Receiving Wide Coverage ...
Preparing charges: Federal prosecutors believe that North Korea may have been behind last year's theft of $81 million from Bangladesh's account at the Federal Reserve Bank of New York, "one of the biggest bank robberies of modern times," according to the Wall Street Journal. The attorneys are said to be preparing charges against "alleged Chinese middlemen" who helped the rogue state orchestrate the theft. The Justice Department believe "there is merit" to the claim that the Fed robbery was linked to the 2014 hack of Sony Pictures, which the FBI blamed on North Korea. Wall Street Journal, New York Times
Wall Street Journal
Next in line?: The Journal profiles Deutsche Bank's chief financial officer, Marcus Schenck, who, it says, "may be next to run" Germany's biggest bank. Earlier this month, Schenck was named deputy CEO along with Christian Sewing, who oversees retail and private banking at DB. Both are seen as potential successors to the current CEO, John Cryan, but "of the two deputies, Mr. Schenck has the more global and higher-profile stage."
No free lunch: The Fed's recent interest rate increases are putting the squeeze on retailers who offer long-term zero-percent financing for customers.
Too much information: Blame "information overload" for the recent allegations against four European banks in a $20 billion Russian money laundering operation. The banks say they were duped. "Spotting the transactions of money launderers, terrorists and rogue states has become more complex in the digital age where data are greater in volume and travel further and faster and to more obscure places," the Journal notes. "More cooperation on sharing and analysis of banking information is required."
Gaining ground: JPMorgan Chase has moved ahead of Goldman Sachs in the prime brokerage market, placing second behind Morgan Stanley, according to industry monitor Coalition's 2016 ranking of banking advisers to hedge funds by revenue. Goldman fell to third place.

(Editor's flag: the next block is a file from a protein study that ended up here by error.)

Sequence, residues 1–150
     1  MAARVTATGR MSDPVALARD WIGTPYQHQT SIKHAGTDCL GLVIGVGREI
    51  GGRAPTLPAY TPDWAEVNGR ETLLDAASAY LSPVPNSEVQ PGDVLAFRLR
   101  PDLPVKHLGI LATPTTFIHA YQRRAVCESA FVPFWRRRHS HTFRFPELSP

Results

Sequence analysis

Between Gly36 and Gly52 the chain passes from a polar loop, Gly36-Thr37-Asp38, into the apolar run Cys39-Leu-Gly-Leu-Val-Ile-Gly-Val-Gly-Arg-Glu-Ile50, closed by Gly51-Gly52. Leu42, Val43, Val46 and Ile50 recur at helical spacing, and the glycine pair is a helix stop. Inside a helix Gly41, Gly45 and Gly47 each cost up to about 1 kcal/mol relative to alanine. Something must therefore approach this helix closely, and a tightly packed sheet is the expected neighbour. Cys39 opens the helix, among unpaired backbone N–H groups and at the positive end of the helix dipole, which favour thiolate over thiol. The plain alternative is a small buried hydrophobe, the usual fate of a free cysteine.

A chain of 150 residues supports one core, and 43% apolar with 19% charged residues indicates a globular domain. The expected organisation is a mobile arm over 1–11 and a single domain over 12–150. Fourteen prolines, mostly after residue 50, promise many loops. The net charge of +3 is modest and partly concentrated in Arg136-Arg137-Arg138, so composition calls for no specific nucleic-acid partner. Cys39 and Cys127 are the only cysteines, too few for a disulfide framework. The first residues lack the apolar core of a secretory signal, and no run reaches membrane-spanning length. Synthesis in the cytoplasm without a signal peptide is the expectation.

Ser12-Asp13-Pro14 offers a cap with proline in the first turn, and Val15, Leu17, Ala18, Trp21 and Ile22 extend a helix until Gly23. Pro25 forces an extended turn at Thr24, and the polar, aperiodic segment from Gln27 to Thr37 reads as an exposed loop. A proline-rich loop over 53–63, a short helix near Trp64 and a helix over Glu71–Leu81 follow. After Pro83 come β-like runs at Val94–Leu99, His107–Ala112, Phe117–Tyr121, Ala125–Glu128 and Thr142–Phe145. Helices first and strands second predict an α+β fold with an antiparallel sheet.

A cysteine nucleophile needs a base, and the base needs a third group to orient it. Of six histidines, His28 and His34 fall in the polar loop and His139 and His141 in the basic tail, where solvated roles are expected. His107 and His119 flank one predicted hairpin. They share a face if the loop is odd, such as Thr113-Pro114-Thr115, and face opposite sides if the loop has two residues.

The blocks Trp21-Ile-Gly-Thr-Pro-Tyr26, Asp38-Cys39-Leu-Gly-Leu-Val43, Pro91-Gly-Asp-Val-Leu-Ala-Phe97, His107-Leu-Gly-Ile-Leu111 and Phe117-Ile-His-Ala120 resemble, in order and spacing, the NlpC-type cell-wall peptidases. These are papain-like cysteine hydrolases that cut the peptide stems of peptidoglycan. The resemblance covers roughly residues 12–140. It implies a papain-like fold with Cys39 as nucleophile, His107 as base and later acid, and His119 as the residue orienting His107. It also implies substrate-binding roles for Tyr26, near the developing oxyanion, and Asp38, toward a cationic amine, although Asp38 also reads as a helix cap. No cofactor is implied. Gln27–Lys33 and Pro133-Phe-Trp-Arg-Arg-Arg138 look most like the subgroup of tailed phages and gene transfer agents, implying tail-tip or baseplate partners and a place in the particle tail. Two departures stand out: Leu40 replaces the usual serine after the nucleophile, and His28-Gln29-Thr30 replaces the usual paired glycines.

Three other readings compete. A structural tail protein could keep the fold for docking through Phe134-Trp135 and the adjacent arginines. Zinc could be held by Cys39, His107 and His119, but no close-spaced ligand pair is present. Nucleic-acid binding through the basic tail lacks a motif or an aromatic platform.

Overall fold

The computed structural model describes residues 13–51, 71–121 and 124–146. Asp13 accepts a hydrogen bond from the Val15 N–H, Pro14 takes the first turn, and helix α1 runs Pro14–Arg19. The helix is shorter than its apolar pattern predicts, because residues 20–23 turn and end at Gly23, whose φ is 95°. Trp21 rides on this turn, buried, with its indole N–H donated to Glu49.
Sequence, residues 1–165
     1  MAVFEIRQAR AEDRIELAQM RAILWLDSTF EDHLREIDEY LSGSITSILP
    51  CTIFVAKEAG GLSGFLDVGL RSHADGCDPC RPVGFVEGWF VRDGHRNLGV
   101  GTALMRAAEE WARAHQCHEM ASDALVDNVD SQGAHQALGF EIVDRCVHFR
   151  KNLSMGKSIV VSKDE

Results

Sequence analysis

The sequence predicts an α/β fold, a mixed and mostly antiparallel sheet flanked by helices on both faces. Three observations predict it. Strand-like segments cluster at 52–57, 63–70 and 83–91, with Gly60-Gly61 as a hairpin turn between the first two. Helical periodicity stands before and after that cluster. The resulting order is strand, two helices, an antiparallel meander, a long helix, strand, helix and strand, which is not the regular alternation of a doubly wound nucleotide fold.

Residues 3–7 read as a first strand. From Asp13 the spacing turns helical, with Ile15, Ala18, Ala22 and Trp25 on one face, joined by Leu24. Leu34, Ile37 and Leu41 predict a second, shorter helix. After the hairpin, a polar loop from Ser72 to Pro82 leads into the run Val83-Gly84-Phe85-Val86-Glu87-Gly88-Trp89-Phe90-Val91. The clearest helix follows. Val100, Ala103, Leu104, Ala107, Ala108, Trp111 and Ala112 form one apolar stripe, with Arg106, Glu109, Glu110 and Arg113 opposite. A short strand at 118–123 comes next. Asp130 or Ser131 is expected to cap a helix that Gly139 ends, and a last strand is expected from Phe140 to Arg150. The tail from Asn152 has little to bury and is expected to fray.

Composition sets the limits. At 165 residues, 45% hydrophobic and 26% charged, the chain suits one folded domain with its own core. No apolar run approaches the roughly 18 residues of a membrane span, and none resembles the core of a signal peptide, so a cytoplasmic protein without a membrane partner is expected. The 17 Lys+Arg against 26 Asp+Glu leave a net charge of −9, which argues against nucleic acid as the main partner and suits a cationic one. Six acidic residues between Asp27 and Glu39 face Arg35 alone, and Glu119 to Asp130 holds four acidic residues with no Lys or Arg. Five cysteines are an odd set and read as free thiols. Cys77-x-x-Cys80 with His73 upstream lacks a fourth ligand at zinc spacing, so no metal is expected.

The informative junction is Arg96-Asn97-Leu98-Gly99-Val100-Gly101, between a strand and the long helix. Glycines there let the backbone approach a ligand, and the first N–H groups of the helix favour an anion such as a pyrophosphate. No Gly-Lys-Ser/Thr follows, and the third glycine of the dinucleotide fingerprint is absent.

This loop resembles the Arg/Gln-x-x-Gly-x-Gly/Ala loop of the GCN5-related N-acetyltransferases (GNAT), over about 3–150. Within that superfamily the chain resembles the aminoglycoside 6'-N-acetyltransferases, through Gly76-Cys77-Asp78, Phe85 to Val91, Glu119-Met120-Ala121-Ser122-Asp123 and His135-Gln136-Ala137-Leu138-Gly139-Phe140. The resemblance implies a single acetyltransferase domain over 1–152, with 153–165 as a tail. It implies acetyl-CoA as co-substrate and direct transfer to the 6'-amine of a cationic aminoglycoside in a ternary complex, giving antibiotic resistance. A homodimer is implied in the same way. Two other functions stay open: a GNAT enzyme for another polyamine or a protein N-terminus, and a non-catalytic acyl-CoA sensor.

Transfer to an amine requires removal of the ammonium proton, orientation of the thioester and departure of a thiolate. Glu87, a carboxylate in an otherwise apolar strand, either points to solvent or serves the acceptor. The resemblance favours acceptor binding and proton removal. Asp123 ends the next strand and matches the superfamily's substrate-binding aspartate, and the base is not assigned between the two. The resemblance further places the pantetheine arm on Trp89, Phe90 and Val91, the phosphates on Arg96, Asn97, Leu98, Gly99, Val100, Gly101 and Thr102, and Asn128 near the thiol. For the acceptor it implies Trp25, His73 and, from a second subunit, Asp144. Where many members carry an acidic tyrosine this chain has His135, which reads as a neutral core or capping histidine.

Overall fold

New York Times
Battle brewing: Big banks and fintech start-ups like Mint and Betterment are "waging an escalating battle" over consumer financial data. The banks "are making a concerted push to set new restrictions on how technology companies can get access to this personal financial data, in some cases refusing to pass along information like the fees and interest rates they charge," the Times reports. The banks want new rules in how the fintech companies handle the information. The tech companies say they're being prevented from offering better deals to consumers.
Weak argument: The Times Editorial Board argues that Consumer Financial Protection Bureau Director Richard Cordray has "been doing what President Trump pledged to do in the campaign: protecting Americans from a system that has 'robbed our working class.' So why would he want to fire Mr. Cordray?" The editors sense a more sinister motive, namely weakening "the independence of agencies across the government."
"The arguments against the bureau and Mr. Cordray are weak," the editors conclude. "But the political forces aligned against them are not."
Empowering: Blockchain technology "is key for an inclusive, transparent and accountable digital economy," a new report from the Centre for International Governance Innovation says, reported by CoinDesk. "Blockchain usage tends toward a more decentralized and democratic order which empowers individuals to participate in the global economy directly through systemically embedded transparency, accountability and inclusiveness mechanisms," says the report, written by CIGI senior fellow Julie Maupin.
"If that linkage is true, that means a nation-state is robbing banks. That is a big deal."
— Richard Ledgett, the deputy director of the National Security Agency, on allegations that North Korea is involved in cybercrimes.